To be honest, I had never heard of Glen Canyon until we were setting up camp on the shores of Wahweap Bay, an offshoot of the iconic Lake Powell. Ironic, because the lake we had come to see was man-made, actually sitting on top of Glen Canyon and created by the damming of the Colorado River in 1963. Having just crossed the state line from Utah into Arizona, we were stopping here to wash off the high desert dust in one of America's most famous and scenic water-borne playgrounds.
Travel typically involves movement. A physical, material shift from one location to another that reveals the glory of this world. The vistas of the Alps versus the Andes versus the Himalayas. The striking contrast between the eastern and western banks of the Bosphorus Strait. The Pacific Coast Highway repeatedly taking your breath away with each successive bend in the road. But, sometimes, you can find a place that allows you to stand perfectly still and let the world reveal itself to you, with each passing moment your view morphing into something new and unique and never to be seen again. Bryce Canyon is one of those places.
Perfectly positioned between Arches and Canyonlands National Parks lies the quaint and quiet town of Moab, Utah. While it's name doesn't conjure the same metaphysical tones of a Sedona, Arizona, or a Ringing Rocks, Pennsylvania, it is a magical place nonetheless. Hiking, climbing, and photography pilgrims flock to its campsites for a taste of small-town civilization before, between, and after deep excursions into the wild backcountry that literally surrounds the town on all sides.
There are essentially three different ways to see Arches National Park and still get an idea of what the place is all about. You can drive it. You can short-hike it. Or you can really take your time and venture to some of the more remote locations.
I have to make a confession about this road trip. Apparently, I have trouble judging both linear distances and the height of mountains. Yes, we were on our way to Angela’s childhood home in San Diego. Yes, we were all excited about visiting ten national parks during the journey. Yes, we eagerly anticipated the hiking, swimming, and camping in some of the world’s most beautiful locations. But, as I've said before, I'm all about the journey itself. Especially when that journey involves some kind of epic crossing or transition from one thing to another, very different thing. And, on this trip, I just wanted to watch the Rockies rise out of the horizon as we rolled west across the Great Plains. I had this romantic notion that something so tall and imposing as the Rocky Mountains would loom over the surrounding land and be visible from a hundred miles away.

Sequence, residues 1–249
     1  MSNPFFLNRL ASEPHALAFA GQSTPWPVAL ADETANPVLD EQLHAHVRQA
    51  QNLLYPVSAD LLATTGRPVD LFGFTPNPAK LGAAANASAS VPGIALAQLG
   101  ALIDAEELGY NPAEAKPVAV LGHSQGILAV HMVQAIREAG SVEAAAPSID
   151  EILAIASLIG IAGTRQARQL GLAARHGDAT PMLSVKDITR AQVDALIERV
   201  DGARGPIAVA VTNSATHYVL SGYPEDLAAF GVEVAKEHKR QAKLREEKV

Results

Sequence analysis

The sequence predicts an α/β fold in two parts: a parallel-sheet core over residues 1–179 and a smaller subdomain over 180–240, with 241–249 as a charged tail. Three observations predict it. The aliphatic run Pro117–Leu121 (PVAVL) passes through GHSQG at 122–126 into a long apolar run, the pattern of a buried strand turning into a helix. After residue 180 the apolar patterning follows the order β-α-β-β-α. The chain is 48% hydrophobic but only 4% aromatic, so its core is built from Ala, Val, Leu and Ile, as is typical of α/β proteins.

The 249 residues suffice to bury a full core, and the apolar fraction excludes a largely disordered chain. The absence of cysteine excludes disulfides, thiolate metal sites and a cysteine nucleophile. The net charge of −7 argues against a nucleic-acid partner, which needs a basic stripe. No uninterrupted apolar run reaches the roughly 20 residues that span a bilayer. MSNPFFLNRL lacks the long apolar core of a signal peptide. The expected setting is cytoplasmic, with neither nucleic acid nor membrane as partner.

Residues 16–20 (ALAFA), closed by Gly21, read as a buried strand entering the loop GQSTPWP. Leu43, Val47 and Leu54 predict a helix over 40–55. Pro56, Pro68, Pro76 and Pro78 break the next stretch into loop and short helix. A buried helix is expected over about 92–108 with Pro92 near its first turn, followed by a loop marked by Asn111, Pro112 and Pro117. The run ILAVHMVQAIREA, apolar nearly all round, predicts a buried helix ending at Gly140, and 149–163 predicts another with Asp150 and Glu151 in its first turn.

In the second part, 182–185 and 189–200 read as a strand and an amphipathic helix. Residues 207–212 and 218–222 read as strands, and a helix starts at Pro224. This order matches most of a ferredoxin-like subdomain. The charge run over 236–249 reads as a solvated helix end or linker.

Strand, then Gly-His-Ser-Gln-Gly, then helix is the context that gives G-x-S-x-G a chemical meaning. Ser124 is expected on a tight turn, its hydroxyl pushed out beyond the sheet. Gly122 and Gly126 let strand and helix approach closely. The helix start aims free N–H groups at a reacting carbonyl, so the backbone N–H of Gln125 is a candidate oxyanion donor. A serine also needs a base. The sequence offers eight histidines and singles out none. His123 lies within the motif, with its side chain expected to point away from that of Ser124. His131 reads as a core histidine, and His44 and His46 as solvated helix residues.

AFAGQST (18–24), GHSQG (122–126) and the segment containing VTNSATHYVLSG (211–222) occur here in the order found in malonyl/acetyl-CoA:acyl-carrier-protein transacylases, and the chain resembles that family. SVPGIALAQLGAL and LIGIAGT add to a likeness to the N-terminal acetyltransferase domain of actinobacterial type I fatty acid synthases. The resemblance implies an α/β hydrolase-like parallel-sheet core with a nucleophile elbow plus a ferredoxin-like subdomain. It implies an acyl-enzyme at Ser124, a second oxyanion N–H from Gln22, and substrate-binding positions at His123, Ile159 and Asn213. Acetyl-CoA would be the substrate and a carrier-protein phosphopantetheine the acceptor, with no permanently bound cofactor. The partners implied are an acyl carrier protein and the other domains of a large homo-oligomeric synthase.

At the risk of being cliché, Kansas is flat. The kind of flat that can cause agoraphobia, with your line of sight rushing out to a blue and green split-screen, no matter which way you turn. Standing outside the ring of trees surrounding our KOA campsite in Salina, Kansas, I experienced a delicious vertigo. Like the lush infinity of the rich midwest soil could slip out from beneath my feet at any moment. A green silk scarf sliding off the edge of a glass table.
We had taken some interesting trips before, finding the lost corners and unexplored regions that could be easily reached from our home base. But we were looking for something more. It was time to pull the trigger on a family vacation greater than a weekend getaway and experience what it would feel like to be truly gone, with the very real possibility of never returning.
We were coming to the end of our travels in Greece, sailing from our secluded anchorage in Tilos, skirting along the northern coast of Rhodes, and arriving once again in Mandraki Harbor, where we had begun the whole thing. And I was already missing it. Both the good and the bad. Stolen plums, ouzo dreams, dormant volcanos, impossible stars, and gracious grandmothers in the kitchen.
Up until 2005, scuba diving was essentially illegal in Greece. In a country that boasts over 9300 miles of coastline, only about 62 miles of it was legal to dive, and that small portion was heavily guarded and restricted by the government. It made sense, really. With thousands of unexplored shipwrecks and literally entire cities submerged during ancient earthquakes, the Greek authorities were trying to protect antiquities from poachers and treasure seekers. That all changed in 2005, however...
Nisyros is one of the six currently active volcanoes in the Greek islands, and its signature as such is undeniable when viewed from above, with the whole island seeming to rise out of the Aegean only to crest at a distinctive circular rim before falling back down to sea level at the center of the caldera. And I wanted to be in the center of that volcano.